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Using caffeine to support athlete performance

Caffeine use is widespread in our general population. It is reported that 4 out of 5 people in the western world consume caffeine on a daily basis, which is greater than those choosing to consume fruit.

Performance Benefits

Since its removal from the banned list, caffeine has been the focus of much research to better understand the potential of this drug on sporting performance. Caffeine is believed to work by blocking adenosine receptors in the brain and other organs. This reduces the ability of adenosine to bind to the receptors, which would normally slow down cellular activity. The stimulated nerve cells release the hormone epinephrine (adrenaline), which increases heart rate, blood pressure, and blood flow to muscles. It is by no coincidence therefore that caffeine can be used as an ergogenic (performance enhancing) aid for endurance performance (Higgins et al. 2015; Lane et al. 2013; Desbrow et al. 2012).

Results can be significant, for example Lane et al. (2013) attributed a 3-4% performance gain in cycling TT performance to caffeine ingestion of 3mg/kg. Other research has focussed on the enhancement properties for muscular performance and power production with equally interesting results that make the supplement potentially impactful for non-endurance athletes (Diaz-Lara et al. 2016; Beaven et al. 2013).

Chewing Gum For Fast Absorption

The performance window has been shown to last between 40-60mins with the peak effect being dependent on the format of ingestion. In chewing gum format 85% of the dose is absorbed in the first 5min of chewing (Kamimori et al. 2002). As a result it is advisable to use caffeine gum immediately before intended use, which is different to other ingestion methods such as capsules or drinks.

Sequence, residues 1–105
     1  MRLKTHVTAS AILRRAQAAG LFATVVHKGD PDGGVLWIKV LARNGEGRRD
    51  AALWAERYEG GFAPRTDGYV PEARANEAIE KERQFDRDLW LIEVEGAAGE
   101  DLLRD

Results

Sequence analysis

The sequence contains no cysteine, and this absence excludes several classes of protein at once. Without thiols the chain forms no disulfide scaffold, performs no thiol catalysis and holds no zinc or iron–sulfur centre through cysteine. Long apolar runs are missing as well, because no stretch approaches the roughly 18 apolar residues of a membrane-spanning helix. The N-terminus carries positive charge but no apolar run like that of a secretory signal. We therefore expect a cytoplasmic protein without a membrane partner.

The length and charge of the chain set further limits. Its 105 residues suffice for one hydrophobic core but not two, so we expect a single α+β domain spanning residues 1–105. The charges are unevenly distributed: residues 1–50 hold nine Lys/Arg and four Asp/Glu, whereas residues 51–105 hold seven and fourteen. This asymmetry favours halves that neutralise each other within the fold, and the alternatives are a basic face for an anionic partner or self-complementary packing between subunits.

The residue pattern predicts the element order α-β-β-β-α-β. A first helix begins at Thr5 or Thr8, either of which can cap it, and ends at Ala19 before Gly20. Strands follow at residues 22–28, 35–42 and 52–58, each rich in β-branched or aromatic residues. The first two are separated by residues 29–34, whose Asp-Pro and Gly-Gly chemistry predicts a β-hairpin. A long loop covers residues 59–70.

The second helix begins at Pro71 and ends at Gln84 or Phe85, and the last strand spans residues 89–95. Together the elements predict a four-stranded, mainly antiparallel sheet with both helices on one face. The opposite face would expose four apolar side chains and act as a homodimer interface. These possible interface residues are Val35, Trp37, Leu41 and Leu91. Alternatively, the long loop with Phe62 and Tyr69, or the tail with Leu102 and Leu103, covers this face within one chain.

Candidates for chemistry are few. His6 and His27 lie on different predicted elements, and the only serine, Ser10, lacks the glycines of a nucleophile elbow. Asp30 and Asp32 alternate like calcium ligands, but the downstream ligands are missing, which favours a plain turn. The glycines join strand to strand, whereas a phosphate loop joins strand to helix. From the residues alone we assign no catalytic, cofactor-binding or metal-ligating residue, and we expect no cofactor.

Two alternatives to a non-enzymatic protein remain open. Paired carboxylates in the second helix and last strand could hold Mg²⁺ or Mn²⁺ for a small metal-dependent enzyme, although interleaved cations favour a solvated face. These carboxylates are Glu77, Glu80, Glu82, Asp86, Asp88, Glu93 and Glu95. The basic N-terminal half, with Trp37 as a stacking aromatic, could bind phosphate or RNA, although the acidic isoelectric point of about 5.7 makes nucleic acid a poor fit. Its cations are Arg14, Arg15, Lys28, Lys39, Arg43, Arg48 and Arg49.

Gum format is the preferred ingestion method of the British Sailing Team as it allows us to have the greatest control over when it gets implemented. It is common for races to get postponed in sailing and the last thing you want is for a sailor to have supplemented with caffeine 30 minutes before a race only to find that it is postponed. We have to apply strategies in a way that they are not detrimental to performance, so having utmost control is essential. It is worth bearing in mind that caffeine has a half-life of about 6hrs, so consuming it earlier in the day is preferential so as not to affect sleep routines of our athletes.

Reduce Perceived Exertion

Findings on the effect of caffeine on perceptual responses such as perceived exertion, exercise induced pain and state of arousal are a bit equivocal but for a decision making sport like Sailing, this is probably the most interesting area. For example, Ali et al. 2016 found positive effects on perceived exertion and feelings of fatigue, whereas Astokorki & Mauger 2016 no effect of caffeine on perceived exertion. These are only two examples out of thousands of research studies into the perceptual effects of caffeine.

The take home from an applied point of view is that the effects are highly individual - every athlete is different and people respond to caffeine in totally different ways. We trial all of our strategies on an individual basis and form tailored routines that suit the individual and never implement anything in competition unless we, and our athletes are confident that we have the right routines in place in training first. Having batch tested caffeine in gum format through Healthspan Elite is a fantastic addition to the range. When applied on top of an optimal dietary intake of balanced nutrients, Kick-Start Gum has several interesting performance impacting applications.

Paul Mullan left his role as Head of Sports Science and Medicine at British Sailing to become Head of Performance Support Team at British Cycling in the lead up to Tokyo 2020.

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